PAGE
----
The Humane Society of the United States’ (intended?) actions in Nevada engendered a rather evasive response from local ‘animal enthusiasts’. This response, in the form of an article for The Wendover Times, has nothing of any real substance to it; it’s a string of assertions guised as an ‘argument’.
The article, Animal enthusiasts challenge Humane Society agenda, seems to be a textbook example of a fallacy of assertion: [many] bold assertion(s) are made without any substantiating proof predicated on the communicator’s assumed ‘authority’ rather than mere opinion. Deconstructing the article and thus exposing its errors illuminates this.
“The group, speaking in support of animal welfare, pointed out that the Humane Society is a national lobbying group, is not affiliated with any of the humane societies or shelters in Nevada and does not represent the interests of Nevada voters.”
Perusing H.S.U.S.’ website in which it details legislative proposals being supported by the organization, the only law – it’s currently pending in Nevada’s state legislative body - being supported by H.S.U.S., would
“Prohibit the import, export, transport, sale, receipt, acquisition, purchase or possession of any wildlife that is taken, possessed or sold in violation of a law or regulation of the United States, an Indian tribe, another state or territory or a foreign country; increases civil penalties for poaching; allows for the revocation of permits for people convicted of poaching” (emphasis mine).
Presumably, these ‘animal enthusiasts’ don’t intend to argue that existing federal law, for example, is somehow an affront to the interests of Nevada voters. However, this seems to be their contention given that the legislation in question is primarily an enforcement mechanism for current law. It would seem that the anger here is quite misdirected; it may be a means to circumvent a reasoned, democratic process by inserting an argumentum ad hominem into the legislative framework: if you support putting ‘teeth’ into existing law, you also support H.S.U.S. and therefore you don’t want people to eat the bodies of nonhuman animals. This conclusion certainly doesn’t follow from the legislation in question. It’s a veiled slippery-slope argument at best.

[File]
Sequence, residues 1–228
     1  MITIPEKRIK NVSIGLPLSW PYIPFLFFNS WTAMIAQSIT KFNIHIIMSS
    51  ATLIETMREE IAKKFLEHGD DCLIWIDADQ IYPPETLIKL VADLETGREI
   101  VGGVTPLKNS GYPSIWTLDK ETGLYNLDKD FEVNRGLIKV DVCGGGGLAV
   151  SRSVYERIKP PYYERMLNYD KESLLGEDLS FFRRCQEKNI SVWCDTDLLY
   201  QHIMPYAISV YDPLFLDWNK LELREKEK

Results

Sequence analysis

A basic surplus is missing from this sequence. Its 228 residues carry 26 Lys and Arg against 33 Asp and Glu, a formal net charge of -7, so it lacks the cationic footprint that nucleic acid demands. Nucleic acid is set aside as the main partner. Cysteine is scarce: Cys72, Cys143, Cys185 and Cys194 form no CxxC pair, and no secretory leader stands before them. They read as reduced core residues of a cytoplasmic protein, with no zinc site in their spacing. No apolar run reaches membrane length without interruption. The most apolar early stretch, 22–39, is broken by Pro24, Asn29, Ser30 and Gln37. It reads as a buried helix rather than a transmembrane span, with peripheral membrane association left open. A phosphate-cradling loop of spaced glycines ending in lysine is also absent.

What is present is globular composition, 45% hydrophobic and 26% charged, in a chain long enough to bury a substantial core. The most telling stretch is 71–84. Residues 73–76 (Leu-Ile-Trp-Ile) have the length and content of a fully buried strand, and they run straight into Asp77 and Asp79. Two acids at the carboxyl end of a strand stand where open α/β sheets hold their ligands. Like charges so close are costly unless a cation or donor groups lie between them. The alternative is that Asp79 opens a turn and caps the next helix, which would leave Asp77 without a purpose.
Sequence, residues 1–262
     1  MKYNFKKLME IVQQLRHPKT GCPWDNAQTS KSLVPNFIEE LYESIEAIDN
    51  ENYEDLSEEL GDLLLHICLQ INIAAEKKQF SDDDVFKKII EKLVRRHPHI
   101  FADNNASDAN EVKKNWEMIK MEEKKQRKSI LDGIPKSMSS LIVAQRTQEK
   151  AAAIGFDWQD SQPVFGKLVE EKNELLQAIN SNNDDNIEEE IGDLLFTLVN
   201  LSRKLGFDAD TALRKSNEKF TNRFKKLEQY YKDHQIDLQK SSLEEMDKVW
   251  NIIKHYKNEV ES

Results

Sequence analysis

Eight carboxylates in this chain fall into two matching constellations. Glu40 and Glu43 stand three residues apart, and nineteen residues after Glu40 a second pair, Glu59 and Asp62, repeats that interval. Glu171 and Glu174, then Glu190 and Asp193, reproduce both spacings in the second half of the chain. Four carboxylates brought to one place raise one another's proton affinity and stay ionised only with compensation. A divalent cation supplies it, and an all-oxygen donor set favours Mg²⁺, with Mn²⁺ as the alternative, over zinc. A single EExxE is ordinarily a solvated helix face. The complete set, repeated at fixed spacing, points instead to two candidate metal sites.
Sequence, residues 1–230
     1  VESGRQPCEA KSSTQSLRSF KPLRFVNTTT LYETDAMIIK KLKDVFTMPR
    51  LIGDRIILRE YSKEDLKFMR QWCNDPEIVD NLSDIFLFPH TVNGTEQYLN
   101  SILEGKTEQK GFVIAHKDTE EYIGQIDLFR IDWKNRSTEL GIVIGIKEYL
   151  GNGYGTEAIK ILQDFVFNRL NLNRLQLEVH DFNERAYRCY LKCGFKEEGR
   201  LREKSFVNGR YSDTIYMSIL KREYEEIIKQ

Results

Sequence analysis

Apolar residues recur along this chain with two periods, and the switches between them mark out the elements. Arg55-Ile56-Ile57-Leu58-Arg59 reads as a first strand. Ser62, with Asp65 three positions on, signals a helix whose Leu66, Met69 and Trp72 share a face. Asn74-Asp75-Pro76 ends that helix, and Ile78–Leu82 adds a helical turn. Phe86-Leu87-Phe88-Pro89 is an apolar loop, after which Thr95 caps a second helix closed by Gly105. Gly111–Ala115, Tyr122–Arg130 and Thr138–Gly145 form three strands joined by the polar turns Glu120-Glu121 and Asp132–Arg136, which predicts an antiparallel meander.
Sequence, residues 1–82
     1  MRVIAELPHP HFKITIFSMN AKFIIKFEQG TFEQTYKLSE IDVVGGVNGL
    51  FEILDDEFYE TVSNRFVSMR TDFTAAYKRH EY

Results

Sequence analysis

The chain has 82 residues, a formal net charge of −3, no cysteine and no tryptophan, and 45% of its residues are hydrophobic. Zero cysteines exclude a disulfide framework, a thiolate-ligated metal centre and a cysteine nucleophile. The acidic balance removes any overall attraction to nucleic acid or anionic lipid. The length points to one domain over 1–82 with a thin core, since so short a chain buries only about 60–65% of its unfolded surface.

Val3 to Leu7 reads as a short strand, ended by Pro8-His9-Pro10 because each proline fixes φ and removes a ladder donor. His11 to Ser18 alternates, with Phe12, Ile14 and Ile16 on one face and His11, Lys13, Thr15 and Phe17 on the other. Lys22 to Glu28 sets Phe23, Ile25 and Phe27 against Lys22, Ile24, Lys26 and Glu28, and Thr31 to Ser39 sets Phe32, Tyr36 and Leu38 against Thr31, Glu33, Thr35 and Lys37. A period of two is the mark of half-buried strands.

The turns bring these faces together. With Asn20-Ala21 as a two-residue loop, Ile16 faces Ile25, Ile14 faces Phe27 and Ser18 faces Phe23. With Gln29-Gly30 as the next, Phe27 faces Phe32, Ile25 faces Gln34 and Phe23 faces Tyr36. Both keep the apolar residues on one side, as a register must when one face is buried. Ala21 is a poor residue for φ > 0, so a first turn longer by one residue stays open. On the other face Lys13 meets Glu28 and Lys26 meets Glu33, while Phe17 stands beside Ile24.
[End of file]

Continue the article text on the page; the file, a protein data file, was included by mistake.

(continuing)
“The group [of ‘animal enthusiasts’] requested lawmakers look to Nevada animal owners and caretakers, those who are hands-on with animals, to help shape any proposed legislative measures put forth by national animal rights groups like PETA or the Humane Society.”
The initial sentence is reasonable; however, its substance is belied by the deception in the latter half of the sentence: H.S.U.S. and P.E.T.A. are not ‘shaping the legislation’; it’s existing law and it certainly isn’t ‘animal rights’ legislation as these ‘animal enthusiasts’ conceive of the concept.
Two assertions follow, one fact, one ad hominem. It is correct to argue that if the property status of nonhuman animals was eliminated, various forms of exploitation would end: buying and selling ‘pets’ and ‘food animals’, for example. However, the legislation would not begin to accomplish this end.
Juvenility then enters the discussion and the assertion is made: ‘Many animal rights groups have an agenda of removing the status of animals as property, and they will not be satisfied until everybody is a grass-eating, carrot-eating vegan. We need to be vigilant and stop the insane, lunatic animal rights legislation’.
Considering two of the sources, Zuzana Kukol (‘president of Rexano, a nonprofit organization based in Henderson, which supports responsible exotic animal ownership’) and Chris Vaught (‘Vaught owns and works with Australian Kelpies, a herding breed of dog’), the motivation is obviously financial. (That’s an ad hominem argument!)
Perhaps not though; I don’t believe the passage of this legislation would harm the businesses of these individuals. So why the outrage? Any argument I make would be based on inference and assumptions, so I’ll refrain. However, given the lack of depth here it seems reasonable to assume that, in keeping with most discussions on the topic of taking the suffering of all animals (human and nonhuman) seriously, reliance on baseless assumptions (Just because everyone makes the same assumption that doesn’t make it any less ridiculous?) and rhetoric in place of reason (You know, that capacity that makes us ‘special’ and ‘unique’!) is the preferred method.